A year ago, parents were unwilling to help pay apartment rents for adult children even if only to get them out of the house. This year, they are. So says Ron Granville, chief executive officer of Belmont-based Woodmont Real Estate Services, a huge Northern California-focused property manager.
The anecdote, while unscientific, illustrates perfectly the return to tentative confidence evident across financial and other markets, affecting, in this case, the health of regional apartment communities.
Granville spoke June 9 as a panelist for the eighth-annual Multifamily Trends Conference in San Francisco’s Moscone Center. His comments were part of a forecast prepared for participants looking at West Coast markets from Seattle to Southern California.
After the financial crisis and through 2009, the company stopped a campaign to renovate apartment units in its generally older properties because renters would not support the investment. In the last several months, that ethos has changed. “People are willing to pay more for value, and they will support renovation costs,” he said.
In San Mateo County, “We are surprised how good the market was in the first five months of the year,” Granville said. Occupancy rates are 95 percent or better with no concessions and real rent growth. New supply is limited, and while new jobs are not yet materializing, he expects that to change. Baseline requirements in today’s rental market are good-quality Internet and cable television packages. Without that, “you are in trouble,” he said.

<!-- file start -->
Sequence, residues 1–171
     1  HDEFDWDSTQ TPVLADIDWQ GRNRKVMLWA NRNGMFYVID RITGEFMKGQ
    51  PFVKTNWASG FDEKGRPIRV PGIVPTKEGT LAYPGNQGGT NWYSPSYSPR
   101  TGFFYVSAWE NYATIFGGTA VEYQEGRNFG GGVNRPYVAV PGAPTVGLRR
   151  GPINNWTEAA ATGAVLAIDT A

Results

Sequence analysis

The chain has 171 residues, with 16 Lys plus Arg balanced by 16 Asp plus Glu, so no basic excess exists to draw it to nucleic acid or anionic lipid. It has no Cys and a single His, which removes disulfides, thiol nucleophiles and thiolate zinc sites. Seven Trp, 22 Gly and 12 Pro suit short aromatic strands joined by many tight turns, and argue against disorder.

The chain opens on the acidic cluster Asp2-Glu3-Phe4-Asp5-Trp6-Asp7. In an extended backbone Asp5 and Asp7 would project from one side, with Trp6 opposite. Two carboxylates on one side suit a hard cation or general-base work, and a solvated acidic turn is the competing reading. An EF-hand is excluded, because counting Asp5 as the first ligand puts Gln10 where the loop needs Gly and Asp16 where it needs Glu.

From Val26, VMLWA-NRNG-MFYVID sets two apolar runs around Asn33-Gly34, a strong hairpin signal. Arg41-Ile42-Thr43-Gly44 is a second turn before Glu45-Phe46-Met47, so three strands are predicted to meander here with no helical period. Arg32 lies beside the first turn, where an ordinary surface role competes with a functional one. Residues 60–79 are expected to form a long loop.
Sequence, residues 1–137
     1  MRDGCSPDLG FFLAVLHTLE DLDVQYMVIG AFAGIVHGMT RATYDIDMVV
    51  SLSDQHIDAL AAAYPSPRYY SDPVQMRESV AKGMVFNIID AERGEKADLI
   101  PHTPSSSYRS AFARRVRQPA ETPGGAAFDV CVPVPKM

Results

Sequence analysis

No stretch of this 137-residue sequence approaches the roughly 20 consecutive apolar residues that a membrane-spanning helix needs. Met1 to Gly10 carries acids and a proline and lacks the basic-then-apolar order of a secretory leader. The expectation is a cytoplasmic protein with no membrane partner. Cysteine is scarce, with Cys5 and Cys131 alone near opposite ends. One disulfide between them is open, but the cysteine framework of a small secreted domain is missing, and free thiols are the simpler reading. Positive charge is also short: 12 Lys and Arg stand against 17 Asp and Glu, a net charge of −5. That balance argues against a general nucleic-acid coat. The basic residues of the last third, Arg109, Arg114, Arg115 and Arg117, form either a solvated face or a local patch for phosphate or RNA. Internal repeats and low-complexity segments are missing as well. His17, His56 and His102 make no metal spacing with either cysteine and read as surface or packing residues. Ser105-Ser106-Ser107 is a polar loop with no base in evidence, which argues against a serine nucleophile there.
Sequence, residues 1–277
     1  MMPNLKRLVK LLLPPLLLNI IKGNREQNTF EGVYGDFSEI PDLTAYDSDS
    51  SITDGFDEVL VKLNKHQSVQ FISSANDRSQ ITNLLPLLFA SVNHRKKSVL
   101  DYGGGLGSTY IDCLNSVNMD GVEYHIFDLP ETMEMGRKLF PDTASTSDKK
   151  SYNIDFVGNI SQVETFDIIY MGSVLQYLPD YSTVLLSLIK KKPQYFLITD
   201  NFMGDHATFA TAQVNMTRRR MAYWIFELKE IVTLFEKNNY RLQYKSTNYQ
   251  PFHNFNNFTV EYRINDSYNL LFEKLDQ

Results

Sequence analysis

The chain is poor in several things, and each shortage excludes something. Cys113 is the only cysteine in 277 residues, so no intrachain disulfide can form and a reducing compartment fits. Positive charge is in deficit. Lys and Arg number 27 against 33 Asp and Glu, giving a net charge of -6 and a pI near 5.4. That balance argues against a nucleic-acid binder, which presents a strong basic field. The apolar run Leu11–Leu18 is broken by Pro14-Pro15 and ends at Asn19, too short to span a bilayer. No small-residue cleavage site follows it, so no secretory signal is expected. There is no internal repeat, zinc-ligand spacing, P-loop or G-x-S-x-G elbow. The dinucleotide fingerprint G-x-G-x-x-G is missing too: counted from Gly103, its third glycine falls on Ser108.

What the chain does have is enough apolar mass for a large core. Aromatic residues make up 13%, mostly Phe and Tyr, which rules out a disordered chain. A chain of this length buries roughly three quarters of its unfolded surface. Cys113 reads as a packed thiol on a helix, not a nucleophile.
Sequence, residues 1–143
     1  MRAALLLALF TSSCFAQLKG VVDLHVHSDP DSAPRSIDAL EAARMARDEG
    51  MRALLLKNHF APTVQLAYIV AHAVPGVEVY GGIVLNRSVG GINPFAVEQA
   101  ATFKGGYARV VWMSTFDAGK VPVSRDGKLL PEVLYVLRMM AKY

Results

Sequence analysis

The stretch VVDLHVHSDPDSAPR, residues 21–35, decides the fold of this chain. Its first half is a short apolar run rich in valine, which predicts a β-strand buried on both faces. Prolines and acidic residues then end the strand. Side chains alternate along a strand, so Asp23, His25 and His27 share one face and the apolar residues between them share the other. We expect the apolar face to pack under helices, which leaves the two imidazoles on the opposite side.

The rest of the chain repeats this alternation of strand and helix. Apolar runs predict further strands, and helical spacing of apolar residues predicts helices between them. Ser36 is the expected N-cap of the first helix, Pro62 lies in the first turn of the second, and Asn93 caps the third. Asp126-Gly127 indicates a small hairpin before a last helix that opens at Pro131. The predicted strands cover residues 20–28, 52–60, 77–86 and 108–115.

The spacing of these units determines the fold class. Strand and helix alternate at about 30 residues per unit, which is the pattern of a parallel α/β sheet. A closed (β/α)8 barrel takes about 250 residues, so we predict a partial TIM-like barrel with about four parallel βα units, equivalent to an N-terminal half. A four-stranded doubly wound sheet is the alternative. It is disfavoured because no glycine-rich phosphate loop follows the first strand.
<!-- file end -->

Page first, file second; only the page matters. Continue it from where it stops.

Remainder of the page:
He is less sanguine about San Francisco, Granville said. The political environment in the city is highly unpredictable but exceptionally relevant because so much of the population rents and tenant-rights groups are active. Broader rent controls have been discussed, he said. In the East Bay, Fremont is the softest market in the Bay Area.
According to projections from Marcus & Millichap Real Estate Investment Services, rent and occupancy-rate recovery in San Francisco and San Jose will be steady if slight this year as both economies add jobs after two years of employment losses. San Francisco is expected to add 5,000 new jobs in 2010 and San Jose 4,500, Marcus said. Oakland is projected to experience slight job losses for a third year running.
Nationally, permits for new construction of multifamily units have dropped precipitously, said Ronald Johnsey, president of Dallas-based apartment market tracker and forecaster Axiometrics Inc. That dearth of new production could augur rental spikes over the next decade, he postulated.
Marcus projects a slight increase in new-unit completions in all three Bay Area major metropolitan markets in 2010. San Jose is expected to see 250 new units this year, up from no completions last year. San Francisco completions will rise to 625 in 2010, up from 452 last year and 281 in the year before. Oakland is to add 760 new units, down from 1,250 units added in 2009 and more than 2,000 in 2008.
Across the nine-county Bay Area, multifamily and single-family home production has plummeted, according to building-permit data gathered by the Construction Industry Research Board. In 2006, nearly 14,000 multifamily units were permitted, including apartments, duplexes, triplexes and quadraplexes as well as some condominiums. That dropped to fewer than 2,000 last year.
In the first four months of this year, multifamily production in the region has climbed to nearly 1,000 permitted units. That’s up about 100 units over permit activity in the same time in 2008.